Kuwait oil strike lifts crude market, but outlook weak



Oil prices edged up in early trading on Tuesday as an oil worker strike in Kuwait cut huge amounts of crude out of the supply chain.

But analysts warned that the disruption would be short-lived and that markets would soon refocus on a global supply glut following the failure on Sunday by major exporters to rein in on oversupply.

A strike in Kuwait by oil workers has cut the country’s production to just 1.1 million barrels per day (bpd), down from 2.8 million bpd usually.

Brent crude futures were at $43.04 a barrel at 0135 GMT, 13 cents above their last close.

U.S. West Texas Intermediate (WTI) futures were up 8 cents at $39.86 a barrel.

Kuwaiti officials said they would be able to increase output despite the open-ended strike, by using crude from inventory and by taking legal action against unions.

Analysts said the government would also likely compromise with the strikers to get exports up and running again.

“Sensitive to union pressure, the government is likely to compromise on most of striking oil workers’ pay demands,” policy risk consultancy Eurasia Group said.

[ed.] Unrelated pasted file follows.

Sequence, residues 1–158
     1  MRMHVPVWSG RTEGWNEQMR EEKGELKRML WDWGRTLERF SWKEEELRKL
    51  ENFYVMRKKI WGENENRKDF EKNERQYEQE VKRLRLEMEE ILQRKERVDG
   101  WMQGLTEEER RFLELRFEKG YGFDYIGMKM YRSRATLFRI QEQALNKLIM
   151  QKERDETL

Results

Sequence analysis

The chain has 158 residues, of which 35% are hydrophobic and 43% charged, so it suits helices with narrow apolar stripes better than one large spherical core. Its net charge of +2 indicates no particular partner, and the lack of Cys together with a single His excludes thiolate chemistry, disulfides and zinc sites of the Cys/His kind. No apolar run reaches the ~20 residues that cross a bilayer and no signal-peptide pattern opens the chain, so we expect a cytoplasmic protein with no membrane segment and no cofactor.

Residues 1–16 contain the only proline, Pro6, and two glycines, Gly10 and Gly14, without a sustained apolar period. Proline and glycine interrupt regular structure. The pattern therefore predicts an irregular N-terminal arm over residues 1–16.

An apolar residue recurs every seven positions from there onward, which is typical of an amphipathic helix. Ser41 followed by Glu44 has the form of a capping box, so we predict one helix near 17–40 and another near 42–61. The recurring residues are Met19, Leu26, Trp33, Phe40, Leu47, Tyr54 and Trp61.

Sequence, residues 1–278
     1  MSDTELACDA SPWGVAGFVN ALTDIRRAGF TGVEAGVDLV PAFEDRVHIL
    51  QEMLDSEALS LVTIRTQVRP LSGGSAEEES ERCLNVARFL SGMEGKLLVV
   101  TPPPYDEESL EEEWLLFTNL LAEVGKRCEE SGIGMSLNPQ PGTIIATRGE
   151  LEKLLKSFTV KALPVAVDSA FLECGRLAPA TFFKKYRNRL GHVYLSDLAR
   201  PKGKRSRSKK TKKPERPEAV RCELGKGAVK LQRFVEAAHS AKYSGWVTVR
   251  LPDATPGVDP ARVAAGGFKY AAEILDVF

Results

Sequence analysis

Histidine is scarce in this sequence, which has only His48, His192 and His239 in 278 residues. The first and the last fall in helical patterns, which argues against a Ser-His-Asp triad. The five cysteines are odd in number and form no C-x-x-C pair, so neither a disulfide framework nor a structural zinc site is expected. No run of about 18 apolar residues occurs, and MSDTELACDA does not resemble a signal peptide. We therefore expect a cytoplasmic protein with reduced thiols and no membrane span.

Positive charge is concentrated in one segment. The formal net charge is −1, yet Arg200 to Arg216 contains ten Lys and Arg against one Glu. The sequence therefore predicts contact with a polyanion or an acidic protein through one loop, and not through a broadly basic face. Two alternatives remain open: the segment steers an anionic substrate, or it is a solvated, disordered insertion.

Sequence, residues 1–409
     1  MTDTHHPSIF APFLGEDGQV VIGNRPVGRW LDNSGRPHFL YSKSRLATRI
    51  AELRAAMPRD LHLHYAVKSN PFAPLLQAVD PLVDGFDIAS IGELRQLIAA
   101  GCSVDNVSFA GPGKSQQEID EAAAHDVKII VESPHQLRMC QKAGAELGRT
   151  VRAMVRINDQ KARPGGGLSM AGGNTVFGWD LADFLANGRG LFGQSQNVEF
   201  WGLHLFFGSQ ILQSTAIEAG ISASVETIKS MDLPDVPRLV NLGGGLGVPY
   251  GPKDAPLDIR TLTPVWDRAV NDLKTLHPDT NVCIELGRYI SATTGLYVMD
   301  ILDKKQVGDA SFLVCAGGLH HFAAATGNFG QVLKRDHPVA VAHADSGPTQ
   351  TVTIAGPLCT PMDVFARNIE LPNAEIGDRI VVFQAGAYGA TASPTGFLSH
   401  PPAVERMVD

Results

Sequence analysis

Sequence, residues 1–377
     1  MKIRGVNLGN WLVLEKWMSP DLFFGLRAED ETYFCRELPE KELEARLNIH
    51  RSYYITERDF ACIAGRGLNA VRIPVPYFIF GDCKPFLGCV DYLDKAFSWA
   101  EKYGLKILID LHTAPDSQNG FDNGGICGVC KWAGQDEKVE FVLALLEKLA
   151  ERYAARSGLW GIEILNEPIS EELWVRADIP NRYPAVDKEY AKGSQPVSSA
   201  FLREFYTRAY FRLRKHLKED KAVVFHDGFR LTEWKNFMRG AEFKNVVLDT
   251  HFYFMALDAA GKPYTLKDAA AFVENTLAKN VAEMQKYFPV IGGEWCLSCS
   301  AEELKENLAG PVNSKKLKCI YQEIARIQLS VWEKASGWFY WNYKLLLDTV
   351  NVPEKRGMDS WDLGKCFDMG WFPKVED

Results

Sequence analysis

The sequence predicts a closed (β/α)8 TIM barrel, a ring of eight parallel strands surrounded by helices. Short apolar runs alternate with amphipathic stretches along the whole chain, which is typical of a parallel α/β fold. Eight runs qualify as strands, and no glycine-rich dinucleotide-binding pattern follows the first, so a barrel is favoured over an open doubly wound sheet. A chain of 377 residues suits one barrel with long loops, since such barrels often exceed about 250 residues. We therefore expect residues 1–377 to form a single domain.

“In the coming days oil production is likely to partially recover from its initial drop as non-striking staff is redistributed and inventories drawn upon, avoiding a force majeure on loadings,” it added.

Once Kuwait’s exports fully resume, traders said the market would again focus on a global glut that sees 1 to 2 million barrels of crude pumped every day in excess of demand after producers failed to agree on output targets during a weekend meeting in Qatar’s capital, Doha.

Unabated output meant long-term oil prices could remain low, analysts said.

“It is nearly impossible to influence the oil price long-term by freezing production as unconventional oil and gas and alternative energy may enter the market to bring down the price,” said Vivien Yang, partner at law firm Simmons & Simmons in Hong Kong.

“The recent failed OPEC attempt to freeze production may cause grief from oil producers, but in reality even if it was successful its long term effect is doubtful.”

Many in the market expected oil prices remain at a level close to the historical average at around $30 to $40 per barrel, Yang said.

(Reporting by Henning Gloystein; Editing by Richard Pullin)





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